Magnatone Giveawya

September 2014
more... GearEffectsSound SamplesReviewsDistortionOverdriveNovember 2010Emma Electronic

Emma Electronic RF-2 ReezaFRATzitz Overdrive/Distortion Pedal Review

A A
Emma Electronic RF-2 ReezaFRATzitz Overdrive/Distortion Pedal Review

Download Example 1
Old school metal tone
Download Example 2
Darker lead tone with massive sustain
Download Example 3
Ratty distortion with percussive attack
Recorded with a Godin Redline HB into Fractal Audio AxeFX set to clean Bogner Shiva tone. 
Even by the wacky standards of stompbox makers, Emma Electronic of Denmark is not afraid of a left-field name. The RF-2 ReezaFRATzitz plainly demonstrates this. But cumbersome monikers have been no impediment success for this distortion/overdrive. This newest version of the pedal is the second generation ReezaFRATzitz and now includes a Low and High frequency control that significantly extends the pedal’s tonal range.

Danish Modern
The RF-2 comes in a nearly square aluminum box with a gorgeous red top adorned with filigree etching, and its control set consists of Level, Low, High, Bias, and Gain knobs. Power supply and input and output jacks are arrayed across the narrow rear section of the casing. Held down with four Phillips machine screws, the battery hatch is located on the back of the pedal.

There is a lot going on under the hood in the RF-2, starting with the tone controls. Both the Low and High are active circuits with cut to the left and boost to the right of 12 o’clock. Level controls the output of the pedal, but it also works in conjunction with the Low and High, so that turning down the EQ and bringing up the Level adds more mids. It’s an ingenious design for a pedal that doesn’t include an actual mid knob. The Bias knob shifts the circuit from class B (left) to class A (right), and changes the harmonic structure from aggressive to open.

Complex and Nasty
I tested out the RF-2 with my ’74 Les Paul Custom driving the blackface channel of a 3rd Power American Dream. Using the Emma’s prescribed “Rock” setting (where all controls are midway up), I was treated to a seriously thick and saturated tone. Although there was plenty of gain, I experienced no loss of tonal clarity, which enabled me to play relatively complex chord voicings that would have become a blur when processed with other distortion circuits.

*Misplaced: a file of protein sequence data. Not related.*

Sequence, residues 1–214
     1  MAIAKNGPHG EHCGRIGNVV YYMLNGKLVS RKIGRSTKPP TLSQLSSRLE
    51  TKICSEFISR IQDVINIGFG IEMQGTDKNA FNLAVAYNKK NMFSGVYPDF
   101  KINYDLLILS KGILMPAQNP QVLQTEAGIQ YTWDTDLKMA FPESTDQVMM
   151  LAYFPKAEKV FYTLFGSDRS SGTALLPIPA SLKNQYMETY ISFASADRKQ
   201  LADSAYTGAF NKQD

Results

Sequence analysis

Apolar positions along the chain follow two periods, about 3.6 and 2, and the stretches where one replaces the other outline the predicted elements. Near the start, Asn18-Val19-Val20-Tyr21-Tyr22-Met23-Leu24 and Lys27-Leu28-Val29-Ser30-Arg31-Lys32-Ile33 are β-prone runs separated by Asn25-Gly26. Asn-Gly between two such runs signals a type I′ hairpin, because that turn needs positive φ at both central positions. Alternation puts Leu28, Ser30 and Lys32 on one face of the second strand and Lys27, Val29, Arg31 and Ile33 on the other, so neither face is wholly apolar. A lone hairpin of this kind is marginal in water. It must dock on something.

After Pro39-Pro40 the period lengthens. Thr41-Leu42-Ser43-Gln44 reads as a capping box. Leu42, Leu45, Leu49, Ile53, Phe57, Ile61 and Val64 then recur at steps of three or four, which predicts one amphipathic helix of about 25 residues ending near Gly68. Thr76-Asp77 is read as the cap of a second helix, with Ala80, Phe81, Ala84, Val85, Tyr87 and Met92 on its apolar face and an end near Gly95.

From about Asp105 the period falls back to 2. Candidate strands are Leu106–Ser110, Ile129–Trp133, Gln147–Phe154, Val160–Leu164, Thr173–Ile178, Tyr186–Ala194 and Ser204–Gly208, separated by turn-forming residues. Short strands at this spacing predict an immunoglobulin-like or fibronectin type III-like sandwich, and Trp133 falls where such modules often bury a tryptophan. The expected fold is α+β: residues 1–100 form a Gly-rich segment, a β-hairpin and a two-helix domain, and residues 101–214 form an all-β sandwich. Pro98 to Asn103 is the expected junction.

Next, I tried Emma’s hilariously named “Fat Fred” recipe, which entails setting the Bias fully counterclockwise, Low all the way up, High just over halfway, and Gain at 2 o’clock. I expected a super bassy and muted sound, and while the tone was thicker than with the rock setting, the RF-2 yielded more harmonic complexity than I anticipated. “Fat Fred” is more than a little evocative of “No One Knows” by Queens of the Stone Age.

Backing down the Low and High controls all the way generated enough midrange to please any Marshall fanatic, and the notes exploded off my pick like the amp was about to blow. I found you have to be careful not to use the Level too aggressively, as it can create a huge imbalance between clean and dirty volume.

The Verdict

The RF-2 is full of piss and vinegar. It likes to feed back, cause trouble, and get in your face, yet it sacrifices none of the musicality you want from an overdrive designed to enhance a tube amp’s essential voice. Best of both worlds indeed.

Buy if...
you want a versatile and badass overdrive/ distortion pedal.
Skip if...
you need a dedicated midrange control in your gain pedal.
Rating...


Street $245 - Emma Electronic - emmaelectronic.com


Tone Games 2010: 30 Stompboxes Reviewed
Next in DIRT: Hao OD-16 Omega Drive Sixteen
A A